But even with these two points, it’s a really fun game. I love it, and always do my best to gather a group to play it. …But it’s better to play on a more famous streamer’s game.
I’m one for more peaceful games once in a while, I’ve never made a secret of that.
The Howler is a creation of Antanas Marcelionis, and it was released in… 2013? 2014? The store page says 2016, but I could have sworn I’ve read somewhere that this game’s publishers changed the release date so it would appear among the New Releases tab on Steam… which is, without a doubt, a blatant use of false advertising.
|Good luck going through.|
|Admittedly, it looks impressive. What's not shown|
is the dozen tries that blew up the balloon.
This game is probably most famous for its level featuring a giant wolf statue. It’s even in the title image. For playing that level, I can attest – it's kind of epic. You first go above it to pick up parcels, then must maneuver carefully into the opening maw.
The last levels do get pretty tricky, as they involve picking up and laying bombs in precise places, in order to foil a large conspiracy. The very last level changes controls some more, featuring a plane’s test flight… around a sky filled with mines.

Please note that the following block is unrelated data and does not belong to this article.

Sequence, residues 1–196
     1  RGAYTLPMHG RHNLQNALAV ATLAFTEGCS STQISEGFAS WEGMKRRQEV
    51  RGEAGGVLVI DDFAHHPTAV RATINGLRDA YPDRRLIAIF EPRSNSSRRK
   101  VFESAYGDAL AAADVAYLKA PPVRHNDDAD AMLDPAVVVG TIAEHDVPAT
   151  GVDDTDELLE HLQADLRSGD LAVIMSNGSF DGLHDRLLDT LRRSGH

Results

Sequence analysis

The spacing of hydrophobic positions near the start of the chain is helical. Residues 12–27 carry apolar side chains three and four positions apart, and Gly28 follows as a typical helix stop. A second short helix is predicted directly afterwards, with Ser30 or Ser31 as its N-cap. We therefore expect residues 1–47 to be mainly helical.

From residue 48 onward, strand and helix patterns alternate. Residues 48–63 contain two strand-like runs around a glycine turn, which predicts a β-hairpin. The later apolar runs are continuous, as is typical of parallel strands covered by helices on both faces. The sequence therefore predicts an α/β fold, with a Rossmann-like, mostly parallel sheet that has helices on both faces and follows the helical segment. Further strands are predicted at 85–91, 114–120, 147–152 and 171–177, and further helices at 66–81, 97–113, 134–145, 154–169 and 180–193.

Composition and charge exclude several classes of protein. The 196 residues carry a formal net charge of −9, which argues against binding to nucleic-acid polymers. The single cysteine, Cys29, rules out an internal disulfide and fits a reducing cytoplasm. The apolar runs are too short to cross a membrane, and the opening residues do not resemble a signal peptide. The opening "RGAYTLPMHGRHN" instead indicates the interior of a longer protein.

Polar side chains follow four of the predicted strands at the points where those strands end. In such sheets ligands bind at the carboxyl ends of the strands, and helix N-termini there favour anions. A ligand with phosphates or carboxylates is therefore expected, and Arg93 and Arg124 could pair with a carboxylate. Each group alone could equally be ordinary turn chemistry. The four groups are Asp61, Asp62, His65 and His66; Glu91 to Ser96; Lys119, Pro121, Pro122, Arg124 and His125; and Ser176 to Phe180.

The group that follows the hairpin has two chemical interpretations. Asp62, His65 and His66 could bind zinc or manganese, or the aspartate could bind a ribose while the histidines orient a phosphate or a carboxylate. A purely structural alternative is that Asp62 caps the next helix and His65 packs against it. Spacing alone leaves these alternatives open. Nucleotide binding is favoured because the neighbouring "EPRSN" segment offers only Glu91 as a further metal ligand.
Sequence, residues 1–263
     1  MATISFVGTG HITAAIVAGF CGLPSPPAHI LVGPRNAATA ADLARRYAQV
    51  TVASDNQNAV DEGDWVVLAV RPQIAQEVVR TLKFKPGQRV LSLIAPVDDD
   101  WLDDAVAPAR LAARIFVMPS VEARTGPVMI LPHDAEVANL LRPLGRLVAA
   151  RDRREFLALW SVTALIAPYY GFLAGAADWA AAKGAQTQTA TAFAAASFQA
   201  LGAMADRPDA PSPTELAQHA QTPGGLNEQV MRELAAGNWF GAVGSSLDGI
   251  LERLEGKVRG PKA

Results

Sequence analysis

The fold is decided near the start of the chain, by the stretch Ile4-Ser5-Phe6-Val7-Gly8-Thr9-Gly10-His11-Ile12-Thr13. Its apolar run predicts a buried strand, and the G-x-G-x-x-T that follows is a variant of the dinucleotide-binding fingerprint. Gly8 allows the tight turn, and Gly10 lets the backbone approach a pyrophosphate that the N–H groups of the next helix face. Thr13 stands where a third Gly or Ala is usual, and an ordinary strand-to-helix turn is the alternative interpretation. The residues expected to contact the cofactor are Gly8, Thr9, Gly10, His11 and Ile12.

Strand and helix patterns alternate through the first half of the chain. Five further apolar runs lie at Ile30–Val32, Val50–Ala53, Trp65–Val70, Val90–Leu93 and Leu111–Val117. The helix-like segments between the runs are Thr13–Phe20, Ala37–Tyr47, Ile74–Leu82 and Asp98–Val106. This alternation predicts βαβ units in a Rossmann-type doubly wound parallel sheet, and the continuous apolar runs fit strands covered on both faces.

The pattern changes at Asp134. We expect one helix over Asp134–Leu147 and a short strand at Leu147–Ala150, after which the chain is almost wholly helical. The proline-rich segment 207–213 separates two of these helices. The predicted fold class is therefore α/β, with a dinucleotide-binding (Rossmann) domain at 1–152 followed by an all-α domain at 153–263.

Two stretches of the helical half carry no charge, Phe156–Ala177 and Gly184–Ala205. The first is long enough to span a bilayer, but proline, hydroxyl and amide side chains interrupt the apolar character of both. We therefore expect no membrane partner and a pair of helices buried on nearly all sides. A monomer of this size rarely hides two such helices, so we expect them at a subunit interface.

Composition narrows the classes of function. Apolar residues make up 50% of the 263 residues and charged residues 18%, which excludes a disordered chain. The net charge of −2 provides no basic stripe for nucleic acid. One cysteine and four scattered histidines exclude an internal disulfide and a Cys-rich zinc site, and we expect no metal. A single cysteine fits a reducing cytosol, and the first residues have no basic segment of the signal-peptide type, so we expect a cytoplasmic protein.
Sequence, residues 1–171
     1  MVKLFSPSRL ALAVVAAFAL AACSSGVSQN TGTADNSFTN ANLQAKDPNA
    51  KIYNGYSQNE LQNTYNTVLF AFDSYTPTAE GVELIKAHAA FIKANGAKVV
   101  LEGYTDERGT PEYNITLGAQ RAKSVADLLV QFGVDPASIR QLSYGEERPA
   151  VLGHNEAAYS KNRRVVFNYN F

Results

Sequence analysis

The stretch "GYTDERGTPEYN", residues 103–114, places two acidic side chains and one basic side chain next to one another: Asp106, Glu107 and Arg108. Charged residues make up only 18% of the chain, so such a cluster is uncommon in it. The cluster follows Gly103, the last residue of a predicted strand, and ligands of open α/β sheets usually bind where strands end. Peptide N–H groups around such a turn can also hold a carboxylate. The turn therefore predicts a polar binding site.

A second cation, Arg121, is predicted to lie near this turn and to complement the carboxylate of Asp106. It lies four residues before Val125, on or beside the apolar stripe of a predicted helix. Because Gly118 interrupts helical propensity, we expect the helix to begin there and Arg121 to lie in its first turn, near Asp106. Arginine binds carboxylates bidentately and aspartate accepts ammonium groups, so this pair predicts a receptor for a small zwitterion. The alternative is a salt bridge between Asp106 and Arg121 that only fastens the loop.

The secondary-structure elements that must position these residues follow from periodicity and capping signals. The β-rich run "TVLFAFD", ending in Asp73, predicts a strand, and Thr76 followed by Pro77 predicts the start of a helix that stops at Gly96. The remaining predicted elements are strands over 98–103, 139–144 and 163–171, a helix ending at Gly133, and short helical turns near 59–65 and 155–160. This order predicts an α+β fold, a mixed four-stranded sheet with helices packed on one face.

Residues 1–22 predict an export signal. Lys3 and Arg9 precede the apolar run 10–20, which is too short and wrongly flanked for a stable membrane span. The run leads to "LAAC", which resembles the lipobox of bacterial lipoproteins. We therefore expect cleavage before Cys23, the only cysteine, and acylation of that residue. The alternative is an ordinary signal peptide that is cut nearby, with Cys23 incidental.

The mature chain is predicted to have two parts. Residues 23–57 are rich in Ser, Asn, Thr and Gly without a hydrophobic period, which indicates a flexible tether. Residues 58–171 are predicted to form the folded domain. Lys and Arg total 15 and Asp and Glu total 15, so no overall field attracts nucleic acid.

This is a unique experience; the painted backgrounds, the pencil-drawn animated sprites and world features. The unique control scheme (if you do decide to try the microphone input instead of using the left-click button). The peaceful atmosphere, which remains even as the story progresses. Sometimes, plot-important items may be a bit difficult to see in the environment. The biggest issue I have is that it’s very short, only 16 levels in total. Then again, for a dollar, I wasn’t expecting a huge game. Something simple and quick works sometimes too.
Princess Remedy 2: In a Heap of Trouble
Welcome back, Princess! I reviewed the first game, Princess Remedy in a World of Hurt, as part of one of the earliest Steam Packs. I liked it enough to get the sequel, also made by Ludosity, and released on September 8th, 2016.
|The band-aids tossed by Remedy seem to have little|
smiley faces on them, and it makes me laugh.